Дурлал зохион бүтээгч ам нь халсан эхнэр рүүгээ чимээгүй инээмсэглэв. Сүүлд нь эхнэрээ унтахаар явсан хойно:

-Чи түрүүний яриаг юу гэж бодож байна? гэлээ.

-Аль яриаг?

-Бидний хүү миний төрсөн хүү биш гэдгийг.

-Юу бодох вэ дээ? Ийм амьдрал зөндөөн шүү дээ.

-Үгүй ээ. Яагаад би хүүхэдтэй болохыг хүсээгүй вэ гэдгийг ойлгож байна уу?

-Та хоёрын хэн нэгэнд асуудал байсан юм уу?

-Ямар ч асуудал байхгүй. Би хүссэн л бол, бид хэдэн ч хүүхэд төрүүлж болох байсан.

-Та хүүхдэд дургүй байх нь.

-Тийм биш ээ. Би хүүхдэд маш их хайртай. Гэрлэхээсээ өмнө би есөн хүүхэдтэй болно, есөн эрдэнийн нэр өгнө гэж мөрөөддөг байлаа.

Тэр ямар нэгэн, сэтгэл зовиурлам, ер бусын зүйл хэлэх нь гэж би хүлээв.

-Хүү маань намайг төрсөн эцгээ л гэж боддог. Энэ нь ч надад сайхан байдаг юм. Өөр хүн эцэг нь гэдгийг тэр мэднэ гэхээр надад дэндүү том цохилт болно. Тэгвэл миний амьдрал амьдрал биш болчих юм шиг надад санагддаг. Тэгээд л би өөрийнхөө хүүхдээс татгалзсан юм. Миний хүүхэд төрвөл би түүний жинхэнэ эцэг биш гэдэг нь илэрхий батлагдана. Манайхны талын ямар нэгэн зүйл маш тод илэрч харагдана аа даа? Дүүгээ хараад л, өөртэйгөө харьцуулаад л, тэр нэг л өдөр намайг эцэг нь биш гэдгийг ойлгох болно. Би үүнийг хүсээгүй юм хэмээн тэр үгээ зөөн байж ярилаа.

-Тэгээд есөн эрдэнийн нэрээ золиослочихсон хэрэг үү?

-Олон хүүхэдтэй болох хүсэл бол ердөө л нэг төрлийн гэнэн шунал юм даа, хөөрхий гээд тэр дуугүй болов.

Өрөөнд нам гүм, гадаа ч машин тэрэг явахаа больчихож. Тэсвэрлэшгүй энэ анир чимээгүйн дарамтанд бас өөрийгөө нэмэрлэж удтал дуугүй суухгүйн тулд:

-Та эхнэртээ үнэхээр хайртай юм байна гэхэд минь, тэр:

-Хайр дурлал ч бас бүхий л зугаатай юмсын нэгэн адил тэнэг зүйл шүү дээ гэсэн сэн.

Тэднийхээс гарахад нүд рүү минь намрын салхи мансуурам сайхнаар үлээж, нулимс ивлэв. Сэтгэл зүрхийг маань ховсдох учиртай хэн нэгний тухай төсөөлөлтэйгөө бид анхнаасаа л хамт төрдөг мэт. Тэр төсөөлөл балчир наснаас эхлэн ухаан санаанд маань биежиж, бидэнтэй цуг өсч торнисоор, нас биед хүрэхийн цагт зүрхийг маань дотроос нь түрж дэлбэ татахаар заналхийлдэг. Тэгээд л бид хэн нэгэнгүйгээр амьд явж чадахгүй мэт зөн совинд автсандаа, ухаан санаагаа гээчихдэг. Гээж байгаа ч юм биш ээ. Гээгдэх учиртайгаар анхнаасаа заяагдсан үйл л тэр. Ингээд бид мөнөөх хэн нэгнийхээ эрэлд хатдаг. Төсөөлөлтэй маань огт төсгүй хүн тааралдавч, бид түүнийг зөвхөн өөрөө л харж чадах тийм нүдээрээ өөрчлөн хардаг. Амьдрал дээр олдсон тэр хүн маань төсөөлөлд анхнаасаа л төрсөн хэн нэгэнтэй хичнээн олон талаар адил төстэй байна, бид тэр чинээгээр аз жаргалыг мэдэрдэг. Харин төсөөллөөс маань зөрчихвөл, хэтэрхий хол зөрүү байгааг гэнэт олж харвал, бид ухаан сууж, тэр хэрээрээ жаргалгүй болдог.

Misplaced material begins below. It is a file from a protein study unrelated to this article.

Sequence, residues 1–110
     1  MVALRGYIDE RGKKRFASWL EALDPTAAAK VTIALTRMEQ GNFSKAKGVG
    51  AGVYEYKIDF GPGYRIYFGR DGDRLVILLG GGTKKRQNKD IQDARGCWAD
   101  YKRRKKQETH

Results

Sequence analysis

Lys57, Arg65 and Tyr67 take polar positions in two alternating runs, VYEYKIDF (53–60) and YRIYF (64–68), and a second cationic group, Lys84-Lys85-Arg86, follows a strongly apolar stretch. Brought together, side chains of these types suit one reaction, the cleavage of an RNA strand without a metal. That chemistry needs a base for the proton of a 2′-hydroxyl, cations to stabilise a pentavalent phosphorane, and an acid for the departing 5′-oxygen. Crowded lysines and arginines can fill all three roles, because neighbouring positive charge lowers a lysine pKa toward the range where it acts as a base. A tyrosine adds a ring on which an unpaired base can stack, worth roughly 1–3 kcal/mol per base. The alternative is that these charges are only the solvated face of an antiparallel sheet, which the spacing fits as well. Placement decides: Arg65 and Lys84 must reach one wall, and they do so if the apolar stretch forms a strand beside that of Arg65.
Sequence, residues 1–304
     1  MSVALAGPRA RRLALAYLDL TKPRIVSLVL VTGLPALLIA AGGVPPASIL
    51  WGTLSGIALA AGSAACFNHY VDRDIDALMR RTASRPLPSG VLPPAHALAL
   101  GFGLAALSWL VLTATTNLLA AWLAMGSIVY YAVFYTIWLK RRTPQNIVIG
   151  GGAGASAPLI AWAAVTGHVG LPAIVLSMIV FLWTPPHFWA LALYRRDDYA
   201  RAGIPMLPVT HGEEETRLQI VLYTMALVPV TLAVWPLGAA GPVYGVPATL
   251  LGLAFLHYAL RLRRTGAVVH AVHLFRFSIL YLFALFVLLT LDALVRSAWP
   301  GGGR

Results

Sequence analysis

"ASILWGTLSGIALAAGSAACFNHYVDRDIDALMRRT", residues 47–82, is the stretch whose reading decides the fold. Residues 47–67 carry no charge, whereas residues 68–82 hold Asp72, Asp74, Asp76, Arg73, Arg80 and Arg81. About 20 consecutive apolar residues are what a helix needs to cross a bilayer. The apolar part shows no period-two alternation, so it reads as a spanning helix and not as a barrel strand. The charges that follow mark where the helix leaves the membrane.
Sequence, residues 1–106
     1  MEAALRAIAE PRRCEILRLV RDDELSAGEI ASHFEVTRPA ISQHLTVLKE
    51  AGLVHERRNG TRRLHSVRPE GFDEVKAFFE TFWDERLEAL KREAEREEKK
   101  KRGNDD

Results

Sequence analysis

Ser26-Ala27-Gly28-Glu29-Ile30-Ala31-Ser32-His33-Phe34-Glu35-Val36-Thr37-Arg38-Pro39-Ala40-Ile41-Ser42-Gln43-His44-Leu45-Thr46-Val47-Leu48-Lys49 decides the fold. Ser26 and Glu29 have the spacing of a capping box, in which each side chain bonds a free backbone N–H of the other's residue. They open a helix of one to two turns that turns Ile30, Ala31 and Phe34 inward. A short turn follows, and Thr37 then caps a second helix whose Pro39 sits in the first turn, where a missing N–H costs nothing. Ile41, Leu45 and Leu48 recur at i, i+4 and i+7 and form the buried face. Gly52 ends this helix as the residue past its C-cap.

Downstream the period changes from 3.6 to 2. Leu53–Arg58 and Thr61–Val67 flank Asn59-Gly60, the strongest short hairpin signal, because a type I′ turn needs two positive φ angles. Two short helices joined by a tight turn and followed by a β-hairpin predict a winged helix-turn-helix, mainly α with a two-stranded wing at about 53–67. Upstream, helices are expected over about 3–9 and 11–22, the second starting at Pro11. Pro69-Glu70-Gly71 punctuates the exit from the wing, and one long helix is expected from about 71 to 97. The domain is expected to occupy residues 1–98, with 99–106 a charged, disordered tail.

Илбэ, увдис, ховсын тухайд гэвэл… Яриад ч хэрэггүй биз дээ. Биднийг бусад хүмүүс биш, бид өөрсдөө л илбэддэг. Яг үнэндээ бол хүссэн илбэ ховсоо бид өөрсдөө л бий болгож, биднээс илүү ухаантай хүмүүс тэр сул талыг маань ашиглан тохуурхдаг.

Тохуутай, ойлгомжгүй луйварчин маань яг үнэндээ зохиолч юм шиг байна билээ л дээ.

Хэвлээд тавьсан зузаан хуудас бичвэр ширээн дээр хэвтсэн бөгөөд нэг удаа босох зуур нь би тийш өнгийгөөд хамгийн дээд хуудаснаас:

“-Гажиг, бүтэлгүй, дурламтгай, бусдад дандаа дээрэлхүүлж, мэхлүүлж явдаг тэр залууг Сахиусан тэнгэр гэж хочилсон бол, бид элгээ хөштөл инээлдэх байсан даа.


Тэгээд л тэр. Мөнөөх залуу дөнгөж сая далавчаа дэлгээд нисчихлээ…
гэсэн хэсгийг хальт уншиж амжсан билээ.

Тэгээд л, намайг (ганц намайг ч биш) тэгтлээ зовоож үймрүүлсэн амтат зүүднүүдийнхээ тухай л асуух гэж би тэднийд очсон хэрнээ, амьдралдаа тохиолдсон хамгийн хачин зүйлийн учрыг олох ямар ч оролдлого хийлгүйгээр тэр айлаас гарсан юм даа.


Translator’s Statement:

“The Love Designer” was the first story I had ever read of Gun-Aajav, and the collection this short belonged to almost changed my decision to be an English writer.